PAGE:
Immigration Minister John McCallum said United States officials have not expressed any concerns about the government's plan to accept 25,000 Syrian refugees by early 2016, which he said should be "comforting" to Canadians.

Speaking at an event in Toronto on Thursday, McCallum said he has spoken to officials with the U.S. Department of Homeland Security about the influx of Syrian refugees who'll be making their way to Canada in the coming months.

"I am happy to be able to tell you that no alarm bells at all have gone up from our neighbours to the south," McCallum said. "That should be comforting to Canadians too, because Americans, by virtue of their past and their long-held policies, are naturally concerned about security issues."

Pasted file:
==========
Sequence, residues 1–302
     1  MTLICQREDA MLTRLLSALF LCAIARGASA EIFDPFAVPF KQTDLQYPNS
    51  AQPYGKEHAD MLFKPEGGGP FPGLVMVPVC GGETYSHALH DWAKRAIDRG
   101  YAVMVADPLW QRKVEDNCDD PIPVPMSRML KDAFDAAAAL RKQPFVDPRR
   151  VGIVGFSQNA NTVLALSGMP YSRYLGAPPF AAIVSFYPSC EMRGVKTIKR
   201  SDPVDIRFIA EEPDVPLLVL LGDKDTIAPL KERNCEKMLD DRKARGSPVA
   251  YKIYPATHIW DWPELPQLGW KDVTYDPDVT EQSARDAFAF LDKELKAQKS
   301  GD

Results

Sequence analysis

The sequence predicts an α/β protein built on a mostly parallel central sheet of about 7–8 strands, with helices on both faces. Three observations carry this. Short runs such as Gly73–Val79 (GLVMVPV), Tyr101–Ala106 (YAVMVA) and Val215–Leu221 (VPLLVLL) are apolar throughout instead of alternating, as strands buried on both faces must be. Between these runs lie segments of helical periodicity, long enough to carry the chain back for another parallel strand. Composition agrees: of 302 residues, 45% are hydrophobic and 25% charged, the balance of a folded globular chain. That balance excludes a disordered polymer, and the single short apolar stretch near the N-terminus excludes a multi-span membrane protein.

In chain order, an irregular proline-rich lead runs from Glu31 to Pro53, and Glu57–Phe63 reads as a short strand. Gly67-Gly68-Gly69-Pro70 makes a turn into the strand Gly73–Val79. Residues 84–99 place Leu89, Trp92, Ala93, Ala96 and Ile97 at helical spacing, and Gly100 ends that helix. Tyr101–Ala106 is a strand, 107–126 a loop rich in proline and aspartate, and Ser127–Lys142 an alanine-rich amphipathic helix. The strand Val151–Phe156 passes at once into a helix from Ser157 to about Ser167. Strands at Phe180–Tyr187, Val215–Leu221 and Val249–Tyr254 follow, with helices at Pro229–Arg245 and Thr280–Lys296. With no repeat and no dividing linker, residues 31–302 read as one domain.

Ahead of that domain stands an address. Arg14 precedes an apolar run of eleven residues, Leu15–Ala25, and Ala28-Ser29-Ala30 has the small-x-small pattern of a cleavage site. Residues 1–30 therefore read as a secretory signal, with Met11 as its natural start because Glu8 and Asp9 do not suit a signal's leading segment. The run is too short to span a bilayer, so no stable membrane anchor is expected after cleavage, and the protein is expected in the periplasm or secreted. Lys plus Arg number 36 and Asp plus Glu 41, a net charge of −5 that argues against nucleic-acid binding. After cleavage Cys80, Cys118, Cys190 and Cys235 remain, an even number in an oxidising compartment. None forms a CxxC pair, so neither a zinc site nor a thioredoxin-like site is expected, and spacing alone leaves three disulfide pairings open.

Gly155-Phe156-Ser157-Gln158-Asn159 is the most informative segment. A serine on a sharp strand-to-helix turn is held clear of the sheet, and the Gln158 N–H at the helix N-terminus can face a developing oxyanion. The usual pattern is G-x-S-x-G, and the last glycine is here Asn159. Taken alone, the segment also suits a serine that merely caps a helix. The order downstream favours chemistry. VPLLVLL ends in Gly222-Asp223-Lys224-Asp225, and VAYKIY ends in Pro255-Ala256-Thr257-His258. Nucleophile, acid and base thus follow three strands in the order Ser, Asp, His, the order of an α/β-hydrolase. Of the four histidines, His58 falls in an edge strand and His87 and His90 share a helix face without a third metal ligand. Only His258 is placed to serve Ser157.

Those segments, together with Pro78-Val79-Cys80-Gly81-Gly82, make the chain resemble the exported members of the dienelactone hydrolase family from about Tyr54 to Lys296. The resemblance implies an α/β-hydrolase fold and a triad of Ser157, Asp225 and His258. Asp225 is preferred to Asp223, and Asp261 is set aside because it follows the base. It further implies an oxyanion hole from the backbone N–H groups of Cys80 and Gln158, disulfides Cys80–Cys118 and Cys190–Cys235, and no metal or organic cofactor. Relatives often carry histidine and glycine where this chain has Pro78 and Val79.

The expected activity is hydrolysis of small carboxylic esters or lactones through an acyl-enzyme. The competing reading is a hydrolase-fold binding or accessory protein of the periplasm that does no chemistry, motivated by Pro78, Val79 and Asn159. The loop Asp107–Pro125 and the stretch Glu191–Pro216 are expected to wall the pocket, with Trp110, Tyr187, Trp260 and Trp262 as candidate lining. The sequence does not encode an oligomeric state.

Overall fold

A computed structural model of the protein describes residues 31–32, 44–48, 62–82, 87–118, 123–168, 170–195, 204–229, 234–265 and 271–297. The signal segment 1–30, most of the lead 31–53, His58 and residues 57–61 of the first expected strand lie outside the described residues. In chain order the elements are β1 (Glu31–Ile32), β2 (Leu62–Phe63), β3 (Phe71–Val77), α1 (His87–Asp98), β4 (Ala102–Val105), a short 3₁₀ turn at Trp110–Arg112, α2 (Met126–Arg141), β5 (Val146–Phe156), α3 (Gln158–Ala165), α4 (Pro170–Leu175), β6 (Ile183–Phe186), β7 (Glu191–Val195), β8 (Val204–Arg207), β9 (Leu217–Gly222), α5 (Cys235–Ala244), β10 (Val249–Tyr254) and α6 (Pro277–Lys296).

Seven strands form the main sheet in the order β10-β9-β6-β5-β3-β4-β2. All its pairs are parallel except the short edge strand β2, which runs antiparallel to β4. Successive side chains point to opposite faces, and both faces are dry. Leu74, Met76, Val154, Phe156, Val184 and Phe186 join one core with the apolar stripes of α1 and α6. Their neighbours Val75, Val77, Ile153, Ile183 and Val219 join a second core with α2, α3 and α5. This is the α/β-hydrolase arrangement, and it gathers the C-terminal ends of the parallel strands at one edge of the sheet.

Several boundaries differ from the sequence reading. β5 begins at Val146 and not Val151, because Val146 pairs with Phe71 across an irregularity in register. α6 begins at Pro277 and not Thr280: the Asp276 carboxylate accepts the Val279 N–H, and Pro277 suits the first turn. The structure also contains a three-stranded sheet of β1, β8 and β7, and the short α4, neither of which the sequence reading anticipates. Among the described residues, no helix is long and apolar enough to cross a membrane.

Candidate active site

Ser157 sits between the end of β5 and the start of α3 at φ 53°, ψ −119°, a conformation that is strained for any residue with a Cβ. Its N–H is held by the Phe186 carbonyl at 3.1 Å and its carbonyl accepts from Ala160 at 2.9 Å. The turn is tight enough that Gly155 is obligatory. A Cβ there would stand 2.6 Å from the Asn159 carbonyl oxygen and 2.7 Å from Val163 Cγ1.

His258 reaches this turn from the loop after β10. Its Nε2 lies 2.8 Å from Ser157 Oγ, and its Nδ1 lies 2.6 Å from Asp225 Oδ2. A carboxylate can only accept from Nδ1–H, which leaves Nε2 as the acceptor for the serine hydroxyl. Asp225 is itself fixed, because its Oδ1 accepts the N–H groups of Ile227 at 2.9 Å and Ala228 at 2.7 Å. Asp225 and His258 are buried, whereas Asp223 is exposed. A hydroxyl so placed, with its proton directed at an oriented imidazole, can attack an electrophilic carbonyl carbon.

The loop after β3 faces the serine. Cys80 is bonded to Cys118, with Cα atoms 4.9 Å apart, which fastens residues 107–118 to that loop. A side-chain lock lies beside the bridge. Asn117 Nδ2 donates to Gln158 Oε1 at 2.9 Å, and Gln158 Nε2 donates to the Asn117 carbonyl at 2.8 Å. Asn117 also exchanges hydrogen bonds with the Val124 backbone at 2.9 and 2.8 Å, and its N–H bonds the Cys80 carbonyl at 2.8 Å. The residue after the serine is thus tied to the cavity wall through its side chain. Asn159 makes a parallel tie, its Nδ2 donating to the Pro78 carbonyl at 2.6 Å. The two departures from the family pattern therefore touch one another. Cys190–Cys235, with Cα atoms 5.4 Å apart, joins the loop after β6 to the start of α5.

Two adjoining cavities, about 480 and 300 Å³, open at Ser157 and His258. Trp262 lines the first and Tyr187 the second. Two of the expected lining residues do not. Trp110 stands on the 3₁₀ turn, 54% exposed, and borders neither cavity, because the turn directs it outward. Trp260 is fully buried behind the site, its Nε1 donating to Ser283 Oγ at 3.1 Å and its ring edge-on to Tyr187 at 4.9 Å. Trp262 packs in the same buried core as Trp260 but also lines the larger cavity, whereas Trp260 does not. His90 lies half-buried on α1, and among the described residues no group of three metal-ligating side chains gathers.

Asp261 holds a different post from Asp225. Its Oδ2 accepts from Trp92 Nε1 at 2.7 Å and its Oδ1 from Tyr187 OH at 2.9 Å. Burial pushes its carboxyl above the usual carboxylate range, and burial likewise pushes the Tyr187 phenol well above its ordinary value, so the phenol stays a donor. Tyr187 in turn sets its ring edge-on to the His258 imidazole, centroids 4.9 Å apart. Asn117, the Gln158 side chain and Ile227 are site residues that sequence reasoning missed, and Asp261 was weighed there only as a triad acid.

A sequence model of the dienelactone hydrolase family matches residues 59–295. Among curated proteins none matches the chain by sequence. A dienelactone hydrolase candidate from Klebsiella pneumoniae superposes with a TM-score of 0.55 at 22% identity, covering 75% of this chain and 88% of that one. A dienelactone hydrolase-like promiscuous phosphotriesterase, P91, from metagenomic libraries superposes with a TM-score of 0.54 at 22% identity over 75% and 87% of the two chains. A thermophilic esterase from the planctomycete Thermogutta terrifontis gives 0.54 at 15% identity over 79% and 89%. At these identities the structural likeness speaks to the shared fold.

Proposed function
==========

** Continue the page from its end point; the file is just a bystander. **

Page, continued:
McCallum also said that the RCMP, the Canadian Security Intelligence Service, and the Canada Border Services Agency are satisfied with the vetting process that refugees coming into Canada will be subjected to.

McCallum said that, once the refugees land on Canadian soil, they'll be permanent residents, so all security and health checks will take place overseas.

The refugees will first be identified by the United National High Commissioner for Refugees (UNHCR) before going through another screening by Canadian officials.

"When those people come through that (UNHCR) list, each of them is subjected to an intensive interview by Canadian experts overseas," he said.

McCallum said that refugees' fingerprints will be taken and checked against various Canadian and U.S. databases.

He added that Canadian officials processing refugees overseas will be taking "a hard line."

"There are literally millions of refugees out there, and we are choosing 25,000," he said.
"So if someone interviewed by one of our agents appears to raise any question or carry any risk, that file is set aside for later consideration and we move on."